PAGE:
A Really Dangerous Game, the memoirs of William Rolfe Nottidge from Bocking.

A Really Dangerous Game, the memoirs of William Rolfe Nottidge from Bocking.

We have recently acquired a personal narrative written by William Nottidge of his war service in the 3rd Bedfordshire Regiment.  Although he lived in Kent, his father was born at Bridge House, Bocking, the home of the prominent woollen-manufacturing family of Nottidge, one of whom, Thomas Nottidge, rose to become Sheriff of Essex in 1790.   William describes how he and his brother were ‘the only Nottidge boys left’ and how he would spent his holidays staying with his aunt who lived in a large house in Braintree called ‘Queenborough’.  The ERO holds some of the records of the Nottidge family of Braintree (D/DQu).

Later, whilst studying law at Oxford, he joined the Oxford University Officer Training Corps rising to 2nd Lieutenant and after a brief period at the Bar in Lincoln’s Inn, he joined up at Oxford at the outbreak of the war.  He eventually served at the Somme where he survived being blown up.  After a period of convalescence, he served out most of the rest of the war in Devon in Command of an Officer Cadet Battalion where he trained 5 companies.  His bravery during the Somme was mentioned in despatches but he describes the mixed feelings he had receiving news of that whilst at the same time receiving news of his beloved brother’s death in action.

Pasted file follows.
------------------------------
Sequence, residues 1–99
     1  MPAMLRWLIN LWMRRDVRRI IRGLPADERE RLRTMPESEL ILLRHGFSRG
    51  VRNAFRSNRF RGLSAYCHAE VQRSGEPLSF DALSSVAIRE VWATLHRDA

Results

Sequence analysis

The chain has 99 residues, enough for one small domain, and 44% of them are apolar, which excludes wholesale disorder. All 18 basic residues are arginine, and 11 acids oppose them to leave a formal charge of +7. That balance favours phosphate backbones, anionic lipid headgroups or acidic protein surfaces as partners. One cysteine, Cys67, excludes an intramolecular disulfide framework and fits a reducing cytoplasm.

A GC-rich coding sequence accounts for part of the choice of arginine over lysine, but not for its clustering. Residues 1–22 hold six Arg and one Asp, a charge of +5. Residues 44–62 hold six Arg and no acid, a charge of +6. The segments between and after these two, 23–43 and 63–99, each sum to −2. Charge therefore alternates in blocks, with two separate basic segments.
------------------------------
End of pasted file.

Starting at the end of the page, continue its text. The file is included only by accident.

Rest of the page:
And it is his personal memories of what happened during the war which are so valuable.  He describes the atmosphere and feeling among people at the outbreak of the war, which was characterised in general by a mixture of anxiety and a sense of duty not to leave the French to face the enemy alone.  He describes the long periods of training; the waiting around to be deployed without knowing where due to a pervasive secrecy about operations; the condition of the trenches which varied from sector to sector, sometimes well built, other times shoddy and permanently flooded; the desolation of the town of Ypres in 1915; the sound the intense artillery fire at the beginning of the Battle of the Somme heard some 25 miles away which nevertheless ‘made the air throb and quiver’; the gruelling 60 mile route march to the battlefield; his experience of being blown up by a shell which he survived whilst others around him perished; and so on.  All of it is related in a quiet, modest and unsensational way which somehow lends to it a sense of authenticity.

Alistair Smith's Royal Flying Corps.

Alistair Smith’s Royal Flying Corps.

In contrast, another recent acquisition is a book in the Images of War series, Royal Flying Corps by Alistair Smith, which features in its last section rare photographs of seaplane trials (of type 184) carried out on the River Crouch at Fambridge taken in c.1915, and of a plane (BE2E) taken at Stow Maries in 1917.  The photos come from an album which belonged to a WW1 pilot, Lieut. William John Shorter of Squadron no.46, who was killed in the war aged only 20.  The importance of the Crouch and Fambridge in early aviation history is now increasingly recognised by historians.  Fambridge even had an early aircraft factory before 1909, but it had only a short-lived existence.

Another review can be found on the War History Online website.

You can download Royal Flying Corps from iTunes.

Both books are available to view at the Essex Record Office in Chelmsford.

Walton’s Hero, Herbert Columbine VC

Essex has many heroes from the First World War, men and women who went the extra mile. Our next blog is about Herbert Columbine and his story is told by Carole McEntee-Taylor.

Carole's book which tells the story of Herbert Colombine in greater detail.

Carole’s book which tells the story of Herbert Colombine in greater detail.